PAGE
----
Previously it’s been difficult to understand why Mancini has moved to three at the back. Against Ajax in Amsterdam, he suggested he was deliberately playing three at the back because Ajax only used one striker, which goes against conventional wisdom in leaving one spare man at the back. Against Real Madrid the decision was broadly more understandable, but he made the mistake of leaving his side incredible unbalanced, and the subsequent concessions from the right-back zone were entirely predictable.

Here, it made more sense. Tottenham weren’t strictly playing two upfront, but Dempsey is looked upon as a forward by Villas-Boas, and with Lennon and Bale now pushed back towards their own goal, the City three could deal with Tottenham’s two forwards effectively.

The real benefits were higher up. Using Maicon against Bale was a huge risk considering the Brazilian’s problems against him a couple of years ago, but Bale appeared frustrated by his lack of involvement and didn’t offer Jan Vertonghen enough defensive support. Maicon got into one-versus-one situations and powered past the Belgian easily – although the flip side was that Bale went on a decent run down a bare flank, his only real contribution in the second half.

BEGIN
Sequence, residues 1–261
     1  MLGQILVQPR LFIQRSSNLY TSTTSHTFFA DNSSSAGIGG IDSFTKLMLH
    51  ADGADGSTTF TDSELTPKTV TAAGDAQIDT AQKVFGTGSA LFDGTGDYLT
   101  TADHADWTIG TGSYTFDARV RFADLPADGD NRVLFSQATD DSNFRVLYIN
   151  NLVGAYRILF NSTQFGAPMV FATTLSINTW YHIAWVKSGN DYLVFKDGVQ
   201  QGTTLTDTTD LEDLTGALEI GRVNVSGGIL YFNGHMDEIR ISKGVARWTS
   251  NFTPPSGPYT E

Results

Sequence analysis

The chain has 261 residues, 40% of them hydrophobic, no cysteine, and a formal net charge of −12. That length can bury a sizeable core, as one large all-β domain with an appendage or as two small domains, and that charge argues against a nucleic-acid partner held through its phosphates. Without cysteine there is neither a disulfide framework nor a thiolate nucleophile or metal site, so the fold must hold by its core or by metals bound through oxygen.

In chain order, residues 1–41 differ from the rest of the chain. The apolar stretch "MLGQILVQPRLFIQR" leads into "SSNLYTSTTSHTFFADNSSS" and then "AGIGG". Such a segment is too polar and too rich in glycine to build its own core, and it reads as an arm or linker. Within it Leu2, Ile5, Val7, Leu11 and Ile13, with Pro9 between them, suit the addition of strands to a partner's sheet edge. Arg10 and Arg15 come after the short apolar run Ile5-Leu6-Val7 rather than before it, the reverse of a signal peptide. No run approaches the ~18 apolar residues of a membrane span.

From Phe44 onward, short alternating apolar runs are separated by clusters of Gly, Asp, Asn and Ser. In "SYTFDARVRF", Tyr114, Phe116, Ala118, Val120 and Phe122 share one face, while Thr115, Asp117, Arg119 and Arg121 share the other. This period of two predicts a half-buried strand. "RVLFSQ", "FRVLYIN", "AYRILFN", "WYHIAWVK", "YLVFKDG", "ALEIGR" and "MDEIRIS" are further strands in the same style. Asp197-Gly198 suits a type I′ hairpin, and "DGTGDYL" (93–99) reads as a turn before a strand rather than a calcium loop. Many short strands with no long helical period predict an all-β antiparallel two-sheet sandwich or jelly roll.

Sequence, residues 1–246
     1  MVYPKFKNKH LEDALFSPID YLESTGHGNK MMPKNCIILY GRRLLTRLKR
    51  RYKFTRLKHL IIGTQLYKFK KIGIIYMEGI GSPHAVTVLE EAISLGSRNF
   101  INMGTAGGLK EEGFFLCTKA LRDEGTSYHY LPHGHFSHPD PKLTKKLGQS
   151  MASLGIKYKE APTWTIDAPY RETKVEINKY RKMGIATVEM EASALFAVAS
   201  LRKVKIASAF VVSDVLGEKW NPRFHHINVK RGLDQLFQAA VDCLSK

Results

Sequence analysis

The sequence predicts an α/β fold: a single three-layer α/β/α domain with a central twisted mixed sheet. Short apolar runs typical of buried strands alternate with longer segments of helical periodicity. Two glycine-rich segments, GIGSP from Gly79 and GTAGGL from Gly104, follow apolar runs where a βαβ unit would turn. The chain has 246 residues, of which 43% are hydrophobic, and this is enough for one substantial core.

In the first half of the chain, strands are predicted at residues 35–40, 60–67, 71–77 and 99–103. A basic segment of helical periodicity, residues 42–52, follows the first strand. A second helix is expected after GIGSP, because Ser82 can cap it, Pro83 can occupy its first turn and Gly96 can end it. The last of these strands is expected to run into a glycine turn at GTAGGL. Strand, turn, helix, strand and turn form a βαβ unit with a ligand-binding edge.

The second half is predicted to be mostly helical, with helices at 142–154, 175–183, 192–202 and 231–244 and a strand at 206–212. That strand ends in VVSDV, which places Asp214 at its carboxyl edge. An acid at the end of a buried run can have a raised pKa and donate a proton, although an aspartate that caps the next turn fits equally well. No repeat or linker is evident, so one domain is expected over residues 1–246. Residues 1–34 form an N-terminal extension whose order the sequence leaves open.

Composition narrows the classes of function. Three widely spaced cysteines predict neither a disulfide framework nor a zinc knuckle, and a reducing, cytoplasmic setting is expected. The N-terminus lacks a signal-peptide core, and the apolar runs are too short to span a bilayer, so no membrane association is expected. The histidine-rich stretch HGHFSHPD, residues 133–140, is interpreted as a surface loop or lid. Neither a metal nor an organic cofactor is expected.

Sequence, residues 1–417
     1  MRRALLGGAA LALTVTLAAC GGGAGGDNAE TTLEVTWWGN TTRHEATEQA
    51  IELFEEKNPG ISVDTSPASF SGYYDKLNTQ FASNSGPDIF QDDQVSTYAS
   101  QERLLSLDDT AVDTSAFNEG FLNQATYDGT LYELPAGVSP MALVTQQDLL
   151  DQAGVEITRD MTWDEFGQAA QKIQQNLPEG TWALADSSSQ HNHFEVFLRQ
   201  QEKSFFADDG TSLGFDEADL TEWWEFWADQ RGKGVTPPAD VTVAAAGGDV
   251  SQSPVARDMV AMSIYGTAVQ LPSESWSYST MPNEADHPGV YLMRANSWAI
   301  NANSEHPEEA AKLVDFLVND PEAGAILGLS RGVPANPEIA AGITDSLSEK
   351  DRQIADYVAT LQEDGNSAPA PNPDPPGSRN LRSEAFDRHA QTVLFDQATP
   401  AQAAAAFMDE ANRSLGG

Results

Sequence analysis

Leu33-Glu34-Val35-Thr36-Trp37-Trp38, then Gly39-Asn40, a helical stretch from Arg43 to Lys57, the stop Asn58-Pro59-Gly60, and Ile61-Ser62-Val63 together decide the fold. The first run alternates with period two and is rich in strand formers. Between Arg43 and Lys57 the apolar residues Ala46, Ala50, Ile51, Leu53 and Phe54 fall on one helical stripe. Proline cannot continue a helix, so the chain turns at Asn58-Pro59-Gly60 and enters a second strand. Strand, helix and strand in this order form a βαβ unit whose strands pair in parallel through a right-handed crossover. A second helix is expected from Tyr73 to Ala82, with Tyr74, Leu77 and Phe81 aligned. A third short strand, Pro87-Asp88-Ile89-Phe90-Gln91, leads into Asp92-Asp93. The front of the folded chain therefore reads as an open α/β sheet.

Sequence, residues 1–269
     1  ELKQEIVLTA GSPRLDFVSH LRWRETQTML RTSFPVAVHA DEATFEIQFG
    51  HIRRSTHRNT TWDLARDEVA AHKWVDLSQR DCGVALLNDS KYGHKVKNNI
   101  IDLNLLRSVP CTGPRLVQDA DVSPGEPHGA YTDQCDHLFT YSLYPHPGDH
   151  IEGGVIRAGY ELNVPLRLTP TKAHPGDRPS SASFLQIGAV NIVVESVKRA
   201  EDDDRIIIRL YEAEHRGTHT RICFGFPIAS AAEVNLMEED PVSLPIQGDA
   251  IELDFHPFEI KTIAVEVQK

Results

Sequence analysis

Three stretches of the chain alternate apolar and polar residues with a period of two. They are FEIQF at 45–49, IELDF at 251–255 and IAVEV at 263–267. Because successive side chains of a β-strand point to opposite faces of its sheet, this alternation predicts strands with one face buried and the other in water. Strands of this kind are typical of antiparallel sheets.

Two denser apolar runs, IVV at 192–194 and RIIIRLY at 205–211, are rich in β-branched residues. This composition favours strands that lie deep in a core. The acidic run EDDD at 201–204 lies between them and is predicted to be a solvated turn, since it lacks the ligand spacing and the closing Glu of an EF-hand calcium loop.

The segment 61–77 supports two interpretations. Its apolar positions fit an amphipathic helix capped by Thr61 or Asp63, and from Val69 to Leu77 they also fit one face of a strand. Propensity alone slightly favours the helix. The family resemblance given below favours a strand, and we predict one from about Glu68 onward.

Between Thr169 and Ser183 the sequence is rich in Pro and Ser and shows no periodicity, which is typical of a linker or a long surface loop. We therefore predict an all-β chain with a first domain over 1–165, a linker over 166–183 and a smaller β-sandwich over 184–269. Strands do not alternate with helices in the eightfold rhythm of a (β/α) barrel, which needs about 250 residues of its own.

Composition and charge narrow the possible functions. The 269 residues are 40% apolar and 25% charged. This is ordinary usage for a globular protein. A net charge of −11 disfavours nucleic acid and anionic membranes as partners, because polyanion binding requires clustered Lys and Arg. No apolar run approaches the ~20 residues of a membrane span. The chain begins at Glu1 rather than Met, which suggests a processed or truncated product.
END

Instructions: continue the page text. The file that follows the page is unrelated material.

More significantly, Silva moved into a central position between the lines, in a zone Tottenham were completely overrun in. With Dempsey now the responsibility of the centre-backs, Spurs now had a problem in central positions. Broadly speaking, the two Tottenham centre-backs and the two central midfielders were forced to deal with five City players, and Silva was naturally the man to find – and use – the space most effectively.